In Book 2 after being attacked by Azula, Zuko asks Uncle to teach him advanced firebending so that they aren’t vulnerable to he attacks again. Having had an interest in the philosophies of the other nations, Iroh teaches Zuko the value in learning from people outside of what he’s grown up with. Later on we learn that Iroh is a part of the White Lotus, where members from all nations have come together to share wisdom from all four nations, and that he is one of their leaders. So it’s safe to say Iroh knows what he’s talking about. He even reveals that a firebending move that he invented was inspired by the waterbenders, showing that there is action behind his words and beliefs.

Inviting and enacting the knowledge you find outside of your lived experience is advice that is applicable to just about any situation you find yourself in. If we take news for instance, it’s important to draw from multiple sources in order to get the most accurate information about the person or event being reported on. In the culinary world this has lead to the creation of ‘fusion foods’ that draw from different cultural cuisines to create new, delicious offerings. To grow and become more than what you are, you need to look for opportunities and occasions that require it of you. Otherwise you’re tempted to stay in the comfortable known and you stagnate. You must be willing to look outside of yourself and be open to continuous learning. 

The Enduring Wisdom of Uncle Iroh

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“I know you aren’t supposed to cry over spilled tea, but it’s just so sad!”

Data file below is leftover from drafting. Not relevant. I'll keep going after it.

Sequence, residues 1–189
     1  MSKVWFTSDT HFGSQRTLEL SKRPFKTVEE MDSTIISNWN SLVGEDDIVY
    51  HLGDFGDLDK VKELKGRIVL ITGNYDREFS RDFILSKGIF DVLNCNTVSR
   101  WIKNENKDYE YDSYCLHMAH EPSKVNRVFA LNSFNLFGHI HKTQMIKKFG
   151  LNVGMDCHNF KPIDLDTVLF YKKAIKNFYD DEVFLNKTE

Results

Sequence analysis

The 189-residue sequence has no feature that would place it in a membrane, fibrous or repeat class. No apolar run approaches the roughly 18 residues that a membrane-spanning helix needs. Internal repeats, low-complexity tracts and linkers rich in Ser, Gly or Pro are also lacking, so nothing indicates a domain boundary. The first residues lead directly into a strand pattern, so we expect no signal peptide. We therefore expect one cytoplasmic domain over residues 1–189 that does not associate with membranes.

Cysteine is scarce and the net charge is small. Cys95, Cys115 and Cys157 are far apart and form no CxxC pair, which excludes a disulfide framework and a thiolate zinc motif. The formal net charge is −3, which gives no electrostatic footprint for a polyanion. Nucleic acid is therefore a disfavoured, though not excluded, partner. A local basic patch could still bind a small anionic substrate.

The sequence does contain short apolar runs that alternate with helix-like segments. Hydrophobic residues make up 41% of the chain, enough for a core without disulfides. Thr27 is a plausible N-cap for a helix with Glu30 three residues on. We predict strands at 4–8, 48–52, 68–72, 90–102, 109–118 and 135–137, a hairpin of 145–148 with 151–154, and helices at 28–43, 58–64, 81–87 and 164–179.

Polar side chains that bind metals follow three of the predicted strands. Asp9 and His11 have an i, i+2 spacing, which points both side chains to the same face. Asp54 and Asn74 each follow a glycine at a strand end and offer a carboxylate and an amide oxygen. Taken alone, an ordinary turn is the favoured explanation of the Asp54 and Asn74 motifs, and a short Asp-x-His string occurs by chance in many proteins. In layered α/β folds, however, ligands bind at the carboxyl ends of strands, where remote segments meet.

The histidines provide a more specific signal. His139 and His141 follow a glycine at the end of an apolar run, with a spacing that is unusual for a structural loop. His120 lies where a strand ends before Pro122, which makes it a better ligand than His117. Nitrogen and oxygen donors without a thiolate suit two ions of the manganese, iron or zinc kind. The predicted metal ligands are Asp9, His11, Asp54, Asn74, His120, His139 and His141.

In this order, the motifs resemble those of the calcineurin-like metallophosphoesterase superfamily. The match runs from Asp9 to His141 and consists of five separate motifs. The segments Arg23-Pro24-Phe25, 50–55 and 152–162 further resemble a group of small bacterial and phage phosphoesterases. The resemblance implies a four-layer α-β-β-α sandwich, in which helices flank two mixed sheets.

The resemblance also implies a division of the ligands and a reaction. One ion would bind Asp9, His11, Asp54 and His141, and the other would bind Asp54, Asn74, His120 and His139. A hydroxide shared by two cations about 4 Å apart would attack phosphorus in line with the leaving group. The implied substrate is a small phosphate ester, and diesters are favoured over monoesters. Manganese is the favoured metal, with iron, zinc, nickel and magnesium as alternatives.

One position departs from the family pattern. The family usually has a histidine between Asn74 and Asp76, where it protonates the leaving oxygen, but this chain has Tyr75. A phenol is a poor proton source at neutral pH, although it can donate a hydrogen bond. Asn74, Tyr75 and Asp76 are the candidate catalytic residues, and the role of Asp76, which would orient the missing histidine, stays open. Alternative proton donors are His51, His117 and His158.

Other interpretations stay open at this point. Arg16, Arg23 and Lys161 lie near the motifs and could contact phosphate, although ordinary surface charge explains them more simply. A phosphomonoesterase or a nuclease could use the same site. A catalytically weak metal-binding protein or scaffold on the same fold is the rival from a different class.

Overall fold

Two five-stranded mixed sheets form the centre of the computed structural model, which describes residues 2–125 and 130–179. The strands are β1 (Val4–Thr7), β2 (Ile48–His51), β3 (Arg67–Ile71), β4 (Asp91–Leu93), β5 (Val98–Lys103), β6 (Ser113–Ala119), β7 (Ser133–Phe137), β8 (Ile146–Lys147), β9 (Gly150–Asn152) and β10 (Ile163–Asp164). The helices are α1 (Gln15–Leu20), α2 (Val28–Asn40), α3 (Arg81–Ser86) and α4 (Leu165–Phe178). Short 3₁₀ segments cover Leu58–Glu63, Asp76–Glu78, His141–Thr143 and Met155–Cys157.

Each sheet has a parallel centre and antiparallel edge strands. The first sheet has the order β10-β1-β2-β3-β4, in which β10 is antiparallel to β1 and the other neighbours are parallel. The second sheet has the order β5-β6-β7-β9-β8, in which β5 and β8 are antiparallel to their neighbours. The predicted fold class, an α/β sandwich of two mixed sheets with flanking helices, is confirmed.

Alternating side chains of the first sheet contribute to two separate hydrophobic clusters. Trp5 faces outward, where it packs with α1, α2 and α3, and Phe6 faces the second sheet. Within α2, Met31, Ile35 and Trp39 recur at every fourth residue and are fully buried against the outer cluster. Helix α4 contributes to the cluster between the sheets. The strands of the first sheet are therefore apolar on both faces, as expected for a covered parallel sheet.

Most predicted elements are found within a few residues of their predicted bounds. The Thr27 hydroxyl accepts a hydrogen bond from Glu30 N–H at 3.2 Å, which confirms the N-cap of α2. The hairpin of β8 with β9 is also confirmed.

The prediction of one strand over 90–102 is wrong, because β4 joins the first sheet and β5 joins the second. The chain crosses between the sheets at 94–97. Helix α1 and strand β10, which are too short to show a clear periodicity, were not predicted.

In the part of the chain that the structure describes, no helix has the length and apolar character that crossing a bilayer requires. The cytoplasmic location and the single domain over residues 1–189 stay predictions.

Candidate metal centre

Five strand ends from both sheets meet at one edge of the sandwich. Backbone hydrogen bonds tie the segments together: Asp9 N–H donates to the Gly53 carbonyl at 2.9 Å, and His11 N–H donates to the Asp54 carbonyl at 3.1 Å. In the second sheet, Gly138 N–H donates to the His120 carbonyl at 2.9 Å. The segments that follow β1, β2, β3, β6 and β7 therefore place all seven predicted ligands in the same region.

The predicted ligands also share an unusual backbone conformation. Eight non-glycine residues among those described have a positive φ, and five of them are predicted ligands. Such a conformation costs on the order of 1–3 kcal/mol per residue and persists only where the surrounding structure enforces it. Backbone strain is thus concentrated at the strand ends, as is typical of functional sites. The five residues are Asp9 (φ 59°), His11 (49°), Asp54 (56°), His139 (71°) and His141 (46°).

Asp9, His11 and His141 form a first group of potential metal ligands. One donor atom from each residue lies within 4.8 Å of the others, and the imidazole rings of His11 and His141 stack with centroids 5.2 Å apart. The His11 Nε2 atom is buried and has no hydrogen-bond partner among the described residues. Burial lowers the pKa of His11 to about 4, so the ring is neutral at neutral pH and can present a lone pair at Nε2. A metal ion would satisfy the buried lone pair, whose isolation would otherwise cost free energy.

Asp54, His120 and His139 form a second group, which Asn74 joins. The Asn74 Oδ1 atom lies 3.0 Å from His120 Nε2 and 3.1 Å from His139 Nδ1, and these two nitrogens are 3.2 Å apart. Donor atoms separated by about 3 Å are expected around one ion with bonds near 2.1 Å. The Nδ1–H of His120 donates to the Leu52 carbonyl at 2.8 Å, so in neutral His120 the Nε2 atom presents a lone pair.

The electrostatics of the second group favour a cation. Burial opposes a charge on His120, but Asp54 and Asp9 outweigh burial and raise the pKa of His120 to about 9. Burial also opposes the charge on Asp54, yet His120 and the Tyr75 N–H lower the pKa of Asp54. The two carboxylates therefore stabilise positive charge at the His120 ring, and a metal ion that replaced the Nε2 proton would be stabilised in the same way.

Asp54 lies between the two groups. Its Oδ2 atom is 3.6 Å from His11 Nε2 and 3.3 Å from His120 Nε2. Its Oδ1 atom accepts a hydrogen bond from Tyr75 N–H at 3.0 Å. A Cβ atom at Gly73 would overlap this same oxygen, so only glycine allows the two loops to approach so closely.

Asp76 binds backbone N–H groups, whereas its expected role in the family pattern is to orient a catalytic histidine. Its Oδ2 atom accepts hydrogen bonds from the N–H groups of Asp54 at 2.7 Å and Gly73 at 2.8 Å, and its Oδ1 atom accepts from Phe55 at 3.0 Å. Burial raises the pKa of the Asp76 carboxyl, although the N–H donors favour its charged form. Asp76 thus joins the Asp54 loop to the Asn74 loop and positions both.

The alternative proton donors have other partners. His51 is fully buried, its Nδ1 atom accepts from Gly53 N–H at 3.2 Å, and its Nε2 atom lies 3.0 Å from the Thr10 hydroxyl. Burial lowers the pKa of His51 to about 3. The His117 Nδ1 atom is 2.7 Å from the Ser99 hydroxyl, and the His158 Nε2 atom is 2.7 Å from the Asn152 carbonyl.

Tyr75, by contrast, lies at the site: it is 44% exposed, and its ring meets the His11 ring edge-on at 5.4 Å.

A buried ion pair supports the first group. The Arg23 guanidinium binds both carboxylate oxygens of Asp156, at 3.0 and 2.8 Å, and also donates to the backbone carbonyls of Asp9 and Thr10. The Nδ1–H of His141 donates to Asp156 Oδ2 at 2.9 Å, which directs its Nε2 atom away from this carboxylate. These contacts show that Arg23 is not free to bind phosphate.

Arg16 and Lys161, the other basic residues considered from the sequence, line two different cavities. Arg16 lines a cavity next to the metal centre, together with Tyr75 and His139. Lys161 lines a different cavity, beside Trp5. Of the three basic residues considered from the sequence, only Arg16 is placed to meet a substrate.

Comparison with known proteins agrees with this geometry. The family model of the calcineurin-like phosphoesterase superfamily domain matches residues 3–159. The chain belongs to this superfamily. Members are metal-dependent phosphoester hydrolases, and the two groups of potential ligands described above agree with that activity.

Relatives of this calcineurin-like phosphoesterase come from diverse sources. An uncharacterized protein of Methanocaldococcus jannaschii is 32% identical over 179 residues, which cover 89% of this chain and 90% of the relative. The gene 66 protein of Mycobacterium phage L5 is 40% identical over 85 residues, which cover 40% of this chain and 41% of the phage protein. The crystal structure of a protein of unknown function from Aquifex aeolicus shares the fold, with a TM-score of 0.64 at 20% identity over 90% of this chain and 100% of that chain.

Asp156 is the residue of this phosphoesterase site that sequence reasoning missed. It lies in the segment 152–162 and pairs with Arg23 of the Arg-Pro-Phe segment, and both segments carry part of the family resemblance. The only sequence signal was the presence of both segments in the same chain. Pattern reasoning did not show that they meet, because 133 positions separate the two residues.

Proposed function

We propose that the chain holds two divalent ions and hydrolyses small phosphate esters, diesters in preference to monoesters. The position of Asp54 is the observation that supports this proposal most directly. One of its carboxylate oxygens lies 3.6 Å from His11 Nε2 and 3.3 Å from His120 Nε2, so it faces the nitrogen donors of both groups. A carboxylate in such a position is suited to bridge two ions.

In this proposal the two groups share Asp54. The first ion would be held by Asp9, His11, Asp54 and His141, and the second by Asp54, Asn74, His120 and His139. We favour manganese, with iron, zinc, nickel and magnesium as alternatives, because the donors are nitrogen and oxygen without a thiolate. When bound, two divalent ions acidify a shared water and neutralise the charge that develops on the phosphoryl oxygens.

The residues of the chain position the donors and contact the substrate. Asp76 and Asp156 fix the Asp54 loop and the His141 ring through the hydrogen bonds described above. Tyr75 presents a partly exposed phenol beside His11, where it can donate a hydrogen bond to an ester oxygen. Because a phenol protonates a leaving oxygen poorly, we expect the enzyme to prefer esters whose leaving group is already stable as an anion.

Uncle Iroh utters this on brand statement in Book 2 after disembarking from the ferry to Ba Sing Se. Zuko had just knocked his tea out of his hands in anger over Iroh’s use of covert firebending, his final one until Azula reappears at the end of the season, to warm it up and being caught for it. 

While I’m sure it was meant as a bit of comedic relief at the end of a tense episode (Team Avatar having crossed the dangerous Serpent’s Pass in their episode storyline) I couldn’t help but think on it a little more. Iroh is one of the character’s that is most in tune with emotions in the show, so for him to say this I feel is more poignant than one might realize. The sentiment in the beginning “you aren’t supposed to cry over spilled tea” is adapted from the phrase “there’s no use crying over spilled milk”  meaning there is no point in being sad or disappointed over what’s happened because there is no changing it. That’s pretty simple, but it’s the rest of the sentence “but it’s just so sad” that is of most interest to me. Yes, it’s supposed to make us laugh as a play on words because of how much Iroh loves tea but it also shows us that perhaps Iroh isn’t so unaffected by his life as he’s let on. The Fire Nation, much like tea, has been a constant in Iroh’s life for better or for worse. If we then take the  spilled tea as a metaphor for his severed ties with the Fire Nation, finally cut through as he sheds the titles of ‘prince’ and ‘General’ for ‘refugee’ with his entrance into the Earth Kingdom stronghold, then what we see is something entirely different. It is Iroh’s final good-bye to the Fire Nation, to his old life, and despite all that has happened he is saddened by it and acknowledging that sadness within himself. 

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This perhaps helps to make sense of the first quote we discussed, “Life happens wherever you are, whether you make it or not”. It comes in the episode after this one, and sheds more light on the patience he shows Zuko as his nephew processes his new normal. Unlike Zuko though, Iroh has the advantage of years on his side to help guide him through his turmoil. Like Zuko, Iroh is also grieving the life he left behind but while he acknowledges his grief he also knows that wallowing in it won’t change anything. So be sad, let yourself feel because doing the opposite doesn’t help. 

The Enduring Wisdom of Uncle Iroh

What are some of your favorite pieces of wisdom from Uncle Iroh? Let me know in the comments below!

Featured Image Via Pinterest, https://www.pinterest.com/pin/768989705106891290/